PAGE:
Intel announced earlier this year an investment of 33,000 million euros in research, development and manufacturing of chips in Europe. Now, finally, we learn more details about the semiconductor giant’s ambitious strategy on the Old Continent. After the official announcement that one of the production centers will be located in Germany, Reuters assures that the company is close to reaching an agreement with Italy for the next.
Intel’s investment in Italy would be 5 billion euros and would be intended for the construction of a chip manufacturing plant with the most advanced technologies, according to the news agency. The company had admitted to negotiating with Italian Prime Minister Mario Draghi’s government and planned to create some 1,500 direct jobs in its “first-class installation in the EU” project.
Waiting for the final agreement
The final agreement, which would be announced at the end of August, would envisage a contribution of 40% of the total investment by Italy. This would be significant state aid to reinforce the European Commission’s efforts to attract businesses within its borders and reduce dependence on Asian producers. The goal? Reach 20% of the global chip manufacturing market by 2030.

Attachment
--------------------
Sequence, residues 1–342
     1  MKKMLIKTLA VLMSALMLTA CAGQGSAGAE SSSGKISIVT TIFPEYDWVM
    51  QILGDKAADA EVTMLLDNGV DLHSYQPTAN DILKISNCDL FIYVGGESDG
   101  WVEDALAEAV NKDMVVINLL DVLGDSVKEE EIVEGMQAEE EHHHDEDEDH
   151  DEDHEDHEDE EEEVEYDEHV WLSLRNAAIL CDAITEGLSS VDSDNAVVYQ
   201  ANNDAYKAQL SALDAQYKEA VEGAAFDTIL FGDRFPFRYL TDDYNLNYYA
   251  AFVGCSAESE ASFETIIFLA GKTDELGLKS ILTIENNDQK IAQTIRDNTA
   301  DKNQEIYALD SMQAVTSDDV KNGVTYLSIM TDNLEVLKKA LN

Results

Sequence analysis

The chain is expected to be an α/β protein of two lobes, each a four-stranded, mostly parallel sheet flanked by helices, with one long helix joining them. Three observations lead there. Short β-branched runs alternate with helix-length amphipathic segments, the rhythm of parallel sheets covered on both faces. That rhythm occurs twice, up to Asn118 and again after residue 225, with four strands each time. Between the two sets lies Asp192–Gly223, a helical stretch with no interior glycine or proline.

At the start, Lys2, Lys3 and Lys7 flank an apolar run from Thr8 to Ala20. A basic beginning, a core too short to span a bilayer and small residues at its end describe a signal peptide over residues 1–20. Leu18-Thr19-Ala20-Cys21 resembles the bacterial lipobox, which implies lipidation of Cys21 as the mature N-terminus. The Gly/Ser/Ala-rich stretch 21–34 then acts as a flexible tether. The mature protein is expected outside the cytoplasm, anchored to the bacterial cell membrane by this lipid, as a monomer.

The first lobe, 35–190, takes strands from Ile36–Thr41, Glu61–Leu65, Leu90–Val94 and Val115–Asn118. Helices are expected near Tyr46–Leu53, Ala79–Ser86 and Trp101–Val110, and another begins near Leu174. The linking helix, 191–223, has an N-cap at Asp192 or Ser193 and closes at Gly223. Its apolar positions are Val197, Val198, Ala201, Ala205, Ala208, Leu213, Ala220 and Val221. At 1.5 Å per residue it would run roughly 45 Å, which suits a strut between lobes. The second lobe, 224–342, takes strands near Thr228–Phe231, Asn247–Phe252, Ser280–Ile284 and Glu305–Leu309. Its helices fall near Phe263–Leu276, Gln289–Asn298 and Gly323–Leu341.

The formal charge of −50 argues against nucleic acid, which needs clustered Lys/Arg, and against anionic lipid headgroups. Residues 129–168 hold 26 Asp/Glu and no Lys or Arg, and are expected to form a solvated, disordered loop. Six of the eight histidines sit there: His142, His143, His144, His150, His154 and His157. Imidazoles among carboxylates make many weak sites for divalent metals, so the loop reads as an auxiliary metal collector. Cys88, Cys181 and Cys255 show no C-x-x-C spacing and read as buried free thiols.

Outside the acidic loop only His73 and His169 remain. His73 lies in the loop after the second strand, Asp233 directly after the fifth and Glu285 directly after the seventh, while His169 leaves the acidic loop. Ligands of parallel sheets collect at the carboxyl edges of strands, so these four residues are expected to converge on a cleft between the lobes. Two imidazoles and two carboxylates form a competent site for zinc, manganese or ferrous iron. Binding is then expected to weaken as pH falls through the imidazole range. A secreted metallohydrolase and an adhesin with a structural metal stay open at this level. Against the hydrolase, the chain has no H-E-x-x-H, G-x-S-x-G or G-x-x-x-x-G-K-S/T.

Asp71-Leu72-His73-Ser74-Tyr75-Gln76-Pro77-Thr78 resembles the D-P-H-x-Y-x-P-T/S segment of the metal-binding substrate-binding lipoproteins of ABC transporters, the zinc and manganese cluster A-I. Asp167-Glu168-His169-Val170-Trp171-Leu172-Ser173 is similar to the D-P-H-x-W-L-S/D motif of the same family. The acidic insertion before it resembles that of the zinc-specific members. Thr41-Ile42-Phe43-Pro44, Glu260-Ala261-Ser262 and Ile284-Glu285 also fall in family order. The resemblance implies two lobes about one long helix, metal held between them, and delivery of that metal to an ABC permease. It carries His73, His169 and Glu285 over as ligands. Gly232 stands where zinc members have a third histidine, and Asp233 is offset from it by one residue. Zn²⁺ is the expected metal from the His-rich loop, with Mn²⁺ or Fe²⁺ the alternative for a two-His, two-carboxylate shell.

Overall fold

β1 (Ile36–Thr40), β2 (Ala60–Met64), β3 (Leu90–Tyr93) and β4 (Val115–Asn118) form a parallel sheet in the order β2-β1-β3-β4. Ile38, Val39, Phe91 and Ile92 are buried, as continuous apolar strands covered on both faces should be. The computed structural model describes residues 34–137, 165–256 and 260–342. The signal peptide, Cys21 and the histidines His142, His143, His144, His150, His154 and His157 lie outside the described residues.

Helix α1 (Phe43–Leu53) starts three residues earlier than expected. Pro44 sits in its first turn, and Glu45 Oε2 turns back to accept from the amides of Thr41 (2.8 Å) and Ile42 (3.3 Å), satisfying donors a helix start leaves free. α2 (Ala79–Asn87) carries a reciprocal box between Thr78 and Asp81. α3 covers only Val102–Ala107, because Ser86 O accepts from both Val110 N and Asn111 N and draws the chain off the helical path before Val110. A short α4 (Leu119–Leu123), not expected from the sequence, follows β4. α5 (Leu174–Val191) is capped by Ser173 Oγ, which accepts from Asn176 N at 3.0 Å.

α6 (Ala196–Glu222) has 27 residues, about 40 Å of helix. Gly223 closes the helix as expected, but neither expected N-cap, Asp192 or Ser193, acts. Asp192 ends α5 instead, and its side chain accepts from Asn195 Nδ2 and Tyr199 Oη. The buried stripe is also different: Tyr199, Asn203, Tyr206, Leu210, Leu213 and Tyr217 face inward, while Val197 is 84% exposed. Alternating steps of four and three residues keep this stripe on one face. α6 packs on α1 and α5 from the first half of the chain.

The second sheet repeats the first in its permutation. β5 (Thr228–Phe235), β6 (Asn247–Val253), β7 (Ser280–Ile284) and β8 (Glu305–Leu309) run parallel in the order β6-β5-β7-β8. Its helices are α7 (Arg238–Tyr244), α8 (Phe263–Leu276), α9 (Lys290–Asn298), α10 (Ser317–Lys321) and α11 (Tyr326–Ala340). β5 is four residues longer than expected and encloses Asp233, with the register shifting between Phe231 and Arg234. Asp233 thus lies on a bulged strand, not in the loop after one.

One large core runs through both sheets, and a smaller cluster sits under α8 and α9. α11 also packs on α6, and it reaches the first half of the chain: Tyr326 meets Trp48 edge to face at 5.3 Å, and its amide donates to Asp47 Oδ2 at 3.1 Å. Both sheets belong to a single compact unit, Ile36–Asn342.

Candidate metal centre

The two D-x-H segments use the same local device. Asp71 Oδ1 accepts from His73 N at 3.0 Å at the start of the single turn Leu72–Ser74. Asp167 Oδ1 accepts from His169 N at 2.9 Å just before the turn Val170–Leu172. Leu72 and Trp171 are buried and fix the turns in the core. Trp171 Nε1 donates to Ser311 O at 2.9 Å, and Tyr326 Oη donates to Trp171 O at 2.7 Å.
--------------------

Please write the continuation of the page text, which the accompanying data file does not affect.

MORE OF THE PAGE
For the moment, it seems unclear where Intel’s production center in Italy will be built. Lombardy, Puglia and Sicily they would be on the semiconductor giant’s map to improve supply chain capabilities across Europe. And while we don’t know the final location, based on a preliminary roadmap shared by the company, it’s estimated the facility could start operating between 2025 and 2030.
According to the current panorama, Intel’s ambitions in Italy are greater than those projected in Spain. For now, an investment of 400 million euros (200 by the Spanish government) for the construction of a RISC-V architectural semiconductor design laboratory in Barcelona. This will be located in the Barcelona Supercomputing Center and will use 100% renewable energy.
Today’s news, as mentioned above, comes months after the company’s CEO Pat Gelsinger announced a two-factory production facility in Magdeburg, Germany. The investment? 17 billion euros. And we will have to be vigilant, because we know that Intel will also invest massively in Francea country which it intends to make its epicenter of high performance computing.
For all this, the European Union plans to attract many other manufacturers. To do this, through the EU flea lawwill allocate 43,000 million euros to encourage investments in the development of next-generation technologies until 2030. “We need mega-factories, everything is possible. If we start one again in 2022, we could perhaps have the opening in 2026,” said Thierry Breton. , Commissioner for the European Internal Market.
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